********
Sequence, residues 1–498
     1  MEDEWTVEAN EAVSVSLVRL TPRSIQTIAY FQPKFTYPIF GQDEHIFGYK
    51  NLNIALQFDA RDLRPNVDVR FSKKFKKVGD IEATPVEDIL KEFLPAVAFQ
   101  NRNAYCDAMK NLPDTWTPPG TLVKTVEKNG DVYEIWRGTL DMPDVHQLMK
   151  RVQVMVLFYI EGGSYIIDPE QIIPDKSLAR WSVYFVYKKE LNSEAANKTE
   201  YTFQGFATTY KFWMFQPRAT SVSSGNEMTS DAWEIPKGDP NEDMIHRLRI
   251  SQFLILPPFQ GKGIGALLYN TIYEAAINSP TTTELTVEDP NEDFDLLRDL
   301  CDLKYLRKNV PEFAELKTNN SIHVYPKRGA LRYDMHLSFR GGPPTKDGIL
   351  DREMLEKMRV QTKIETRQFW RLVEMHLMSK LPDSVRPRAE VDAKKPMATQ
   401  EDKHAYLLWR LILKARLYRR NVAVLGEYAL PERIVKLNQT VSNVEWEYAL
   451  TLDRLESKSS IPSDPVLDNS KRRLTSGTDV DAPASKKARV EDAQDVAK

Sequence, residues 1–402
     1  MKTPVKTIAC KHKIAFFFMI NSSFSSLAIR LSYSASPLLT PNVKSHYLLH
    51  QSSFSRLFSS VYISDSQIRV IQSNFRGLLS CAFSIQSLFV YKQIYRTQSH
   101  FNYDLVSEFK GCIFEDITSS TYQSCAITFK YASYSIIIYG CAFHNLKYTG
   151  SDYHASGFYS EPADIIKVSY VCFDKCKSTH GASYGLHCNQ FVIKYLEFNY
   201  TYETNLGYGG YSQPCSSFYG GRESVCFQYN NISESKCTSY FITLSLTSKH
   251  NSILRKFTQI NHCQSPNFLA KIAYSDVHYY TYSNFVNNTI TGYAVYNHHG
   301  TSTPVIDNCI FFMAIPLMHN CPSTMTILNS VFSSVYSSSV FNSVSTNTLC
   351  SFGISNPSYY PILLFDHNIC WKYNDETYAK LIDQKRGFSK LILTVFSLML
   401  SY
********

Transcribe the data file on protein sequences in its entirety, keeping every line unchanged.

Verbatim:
Sequence, residues 1–498
     1  MEDEWTVEAN EAVSVSLVRL TPRSIQTIAY FQPKFTYPIF GQDEHIFGYK
    51  NLNIALQFDA RDLRPNVDVR FSKKFKKVGD IEATPVEDIL KEFLPAVAFQ
   101  NRNAYCDAMK NLPDTWTPPG TLVKTVEKNG DVYEIWRGTL DMPDVHQLMK
   151  RVQVMVLFYI EGGSYIIDPE QIIPDKSLAR WSVYFVYKKE LNSEAANKTE
   201  YTFQGFATTY KFWMFQPRAT SVSSGNEMTS DAWEIPKGDP NEDMIHRLRI
   251  SQFLILPPFQ GKGIGALLYN TIYEAAINSP TTTELTVEDP NEDFDLLRDL
   301  CDLKYLRKNV PEFAELKTNN SIHVYPKRGA LRYDMHLSFR GGPPTKDGIL
   351  DREMLEKMRV QTKIETRQFW RLVEMHLMSK LPDSVRPRAE VDAKKPMATQ
   401  EDKHAYLLWR LILKARLYRR NVAVLGEYAL PERIVKLNQT VSNVEWEYAL
   451  TLDRLESKSS IPSDPVLDNS KRRLTSGTDV DAPASKKARV EDAQDVAK

Sequence, residues 1–402
     1  MKTPVKTIAC KHKIAFFFMI NSSFSSLAIR LSYSASPLLT PNVKSHYLLH
    51  QSSFSRLFSS VYISDSQIRV IQSNFRGLLS CAFSIQSLFV YKQIYRTQSH
   101  FNYDLVSEFK GCIFEDITSS TYQSCAITFK YASYSIIIYG CAFHNLKYTG
   151  SDYHASGFYS EPADIIKVSY VCFDKCKSTH GASYGLHCNQ FVIKYLEFNY
   201  TYETNLGYGG YSQPCSSFYG GRESVCFQYN NISESKCTSY FITLSLTSKH
   251  NSILRKFTQI NHCQSPNFLA KIAYSDVHYY TYSNFVNNTI TGYAVYNHHG
   301  TSTPVIDNCI FFMAIPLMHN CPSTMTILNS VFSSVYSSSV FNSVSTNTLC
   351  SFGISNPSYY PILLFDHNIC WKYNDETYAK LIDQKRGFSK LILTVFSLML
   401  SY